Energy giant sued as Spain power lines kill 100s of birds
Madrid (AFP) –
Barcelona prosecutors are suing energy giant Endesa for the deaths of hundreds of birds electrocuted by its high-wire power lines, court documents show.
According to the lawsuit, a copy of which was seen by AFP on Wednesday, prosecutors are suing the utility for offences against the environment and wildlife.
They say the company failed to adequately insulate its electricity cables and pylons, creating "a death trap" for birds.
Electrocution occurs when birds touch two wires at a time or when they perch on a conductive pylon while also touching a cable.
In their complaint, prosecutors said 255 birds died in the Osona region north of Barcelona between 2018 and 2020, including protected species such as white storks, griffon vultures, short-toed eagles and buzzards.
"The electrocution and death of birds due to direct contact with the exposed conductors on pylons owned by the defendant has affected the whole province of Barcelona, constituting a veritable plague," the complaint reads.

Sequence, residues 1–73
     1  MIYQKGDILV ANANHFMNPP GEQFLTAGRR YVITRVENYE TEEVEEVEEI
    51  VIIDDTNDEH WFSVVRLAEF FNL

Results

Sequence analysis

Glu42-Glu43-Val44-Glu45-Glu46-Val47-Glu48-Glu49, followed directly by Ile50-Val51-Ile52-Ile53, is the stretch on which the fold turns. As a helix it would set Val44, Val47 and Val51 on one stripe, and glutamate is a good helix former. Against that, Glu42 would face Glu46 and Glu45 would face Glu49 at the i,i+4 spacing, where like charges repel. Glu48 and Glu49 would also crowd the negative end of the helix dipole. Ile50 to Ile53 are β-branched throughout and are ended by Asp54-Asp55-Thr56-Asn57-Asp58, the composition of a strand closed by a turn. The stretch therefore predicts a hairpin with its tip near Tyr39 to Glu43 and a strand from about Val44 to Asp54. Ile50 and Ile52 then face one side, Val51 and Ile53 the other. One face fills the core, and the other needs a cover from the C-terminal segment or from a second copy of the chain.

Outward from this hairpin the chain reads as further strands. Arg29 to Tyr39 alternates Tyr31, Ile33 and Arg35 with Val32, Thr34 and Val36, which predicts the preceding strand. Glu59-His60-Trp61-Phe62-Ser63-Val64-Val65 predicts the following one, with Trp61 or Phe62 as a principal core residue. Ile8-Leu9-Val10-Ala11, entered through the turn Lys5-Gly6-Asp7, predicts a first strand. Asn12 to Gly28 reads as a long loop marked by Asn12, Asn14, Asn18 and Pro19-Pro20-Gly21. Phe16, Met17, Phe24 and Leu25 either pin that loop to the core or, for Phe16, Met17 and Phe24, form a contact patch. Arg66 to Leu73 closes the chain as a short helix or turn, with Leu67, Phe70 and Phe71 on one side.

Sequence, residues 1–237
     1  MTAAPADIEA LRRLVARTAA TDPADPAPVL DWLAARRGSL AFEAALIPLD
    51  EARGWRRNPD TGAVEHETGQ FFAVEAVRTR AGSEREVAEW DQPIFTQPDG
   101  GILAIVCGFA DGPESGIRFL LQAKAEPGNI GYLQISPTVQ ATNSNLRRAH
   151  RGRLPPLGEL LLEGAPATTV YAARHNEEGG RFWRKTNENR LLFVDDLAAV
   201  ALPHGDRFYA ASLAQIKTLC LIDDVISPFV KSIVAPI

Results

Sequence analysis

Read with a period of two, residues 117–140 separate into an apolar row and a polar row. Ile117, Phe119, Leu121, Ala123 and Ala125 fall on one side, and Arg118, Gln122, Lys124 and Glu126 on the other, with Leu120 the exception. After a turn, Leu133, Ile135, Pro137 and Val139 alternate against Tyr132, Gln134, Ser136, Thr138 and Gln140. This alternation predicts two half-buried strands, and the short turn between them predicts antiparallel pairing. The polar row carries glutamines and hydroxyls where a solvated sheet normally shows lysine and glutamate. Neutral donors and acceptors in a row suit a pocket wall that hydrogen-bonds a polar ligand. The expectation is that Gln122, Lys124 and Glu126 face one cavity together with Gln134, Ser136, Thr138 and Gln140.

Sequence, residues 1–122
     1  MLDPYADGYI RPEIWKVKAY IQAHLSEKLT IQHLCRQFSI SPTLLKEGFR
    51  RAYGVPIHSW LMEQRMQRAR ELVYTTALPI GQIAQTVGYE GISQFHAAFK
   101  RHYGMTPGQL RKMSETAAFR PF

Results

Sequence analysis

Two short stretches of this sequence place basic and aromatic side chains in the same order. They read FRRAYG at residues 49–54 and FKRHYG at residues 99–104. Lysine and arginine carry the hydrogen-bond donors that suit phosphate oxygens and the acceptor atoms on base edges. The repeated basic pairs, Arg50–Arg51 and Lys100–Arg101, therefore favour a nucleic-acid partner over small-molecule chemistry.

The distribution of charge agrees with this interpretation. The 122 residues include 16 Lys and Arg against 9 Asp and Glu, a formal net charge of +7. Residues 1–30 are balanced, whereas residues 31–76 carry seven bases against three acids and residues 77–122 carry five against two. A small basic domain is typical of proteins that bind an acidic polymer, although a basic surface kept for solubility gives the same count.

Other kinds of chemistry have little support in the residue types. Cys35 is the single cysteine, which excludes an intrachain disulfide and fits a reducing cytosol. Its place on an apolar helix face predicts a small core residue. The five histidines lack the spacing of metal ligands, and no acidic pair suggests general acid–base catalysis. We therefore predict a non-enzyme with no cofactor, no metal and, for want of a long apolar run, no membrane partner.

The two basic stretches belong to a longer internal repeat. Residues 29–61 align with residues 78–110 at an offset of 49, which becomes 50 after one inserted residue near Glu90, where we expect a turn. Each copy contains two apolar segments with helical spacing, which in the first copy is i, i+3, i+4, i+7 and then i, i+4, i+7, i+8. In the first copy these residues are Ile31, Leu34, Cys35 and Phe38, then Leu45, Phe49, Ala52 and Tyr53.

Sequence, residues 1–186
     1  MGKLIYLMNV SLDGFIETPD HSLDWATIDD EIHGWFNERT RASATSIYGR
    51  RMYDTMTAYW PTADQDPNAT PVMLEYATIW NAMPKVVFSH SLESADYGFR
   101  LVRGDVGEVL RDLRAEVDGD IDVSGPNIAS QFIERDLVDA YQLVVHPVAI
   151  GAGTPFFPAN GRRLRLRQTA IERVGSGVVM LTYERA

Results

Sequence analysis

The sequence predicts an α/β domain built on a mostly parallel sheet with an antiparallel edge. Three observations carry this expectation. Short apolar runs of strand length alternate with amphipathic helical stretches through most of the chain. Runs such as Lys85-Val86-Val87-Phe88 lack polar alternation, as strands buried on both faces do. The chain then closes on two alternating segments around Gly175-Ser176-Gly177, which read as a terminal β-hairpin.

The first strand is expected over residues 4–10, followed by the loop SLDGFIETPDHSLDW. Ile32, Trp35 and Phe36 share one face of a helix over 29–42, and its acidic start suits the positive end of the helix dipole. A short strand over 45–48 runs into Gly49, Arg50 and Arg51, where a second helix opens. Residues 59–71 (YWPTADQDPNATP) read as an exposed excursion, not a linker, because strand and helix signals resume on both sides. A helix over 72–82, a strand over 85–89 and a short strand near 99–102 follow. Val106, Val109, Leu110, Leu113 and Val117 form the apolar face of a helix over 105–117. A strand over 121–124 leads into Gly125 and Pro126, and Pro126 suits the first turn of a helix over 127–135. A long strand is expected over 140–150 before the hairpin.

Contacted by AFP, Endesa said it had "not yet formally received the complaint" with a company source saying the company had acted "in full compliance with the law in environmental issues and especially in relation to birdlife".
Between 2018 and 2020, the company had modified more than 2,000 pylons and this year would invest "4.6 million euros in Catalonia in adapting power lines to protect birdlife", the source said.
- 'Preventable' deaths -
Experts say electrocution on power lines is a major threat to many wild birds, particularly endangered species that use pylons as perches.
According to the lawsuit, Endesa had "not taken measures to repair the affected (parts) that fail to comply with the safety measures... deliberately disregarding and ignoring its legal obligations to prevent harm to wildlife and the environment".
In August 2018, 72 white storks died over three days when a flock of 700 stopped in the area while migrating south in an incident involving 34 pylons owned by Endesa, "which had not been insulated by the company" as it was legally required to do, it said.
Despite repeated legal demands, Endesa, a subsidiary of the Italian energy giant Enel, had failed to undertake the necessary action to fix the pylons to avoid "the ongoing, evident and preventable death of birds in the Barcelona area", it said.
But the Endesa source told AFP it had modified "more than 2,000 pylons" between 2018 and 2020 and would this year invest "4.6 million euros in Catalonia to adapt power lines to protect birdlife".
According to a 2010 study by experts at Barcelona University, the most dangerous pylons are those with wires or connectors above the cross-arms that are located in habitats where there are few natural places for the birds to perch.
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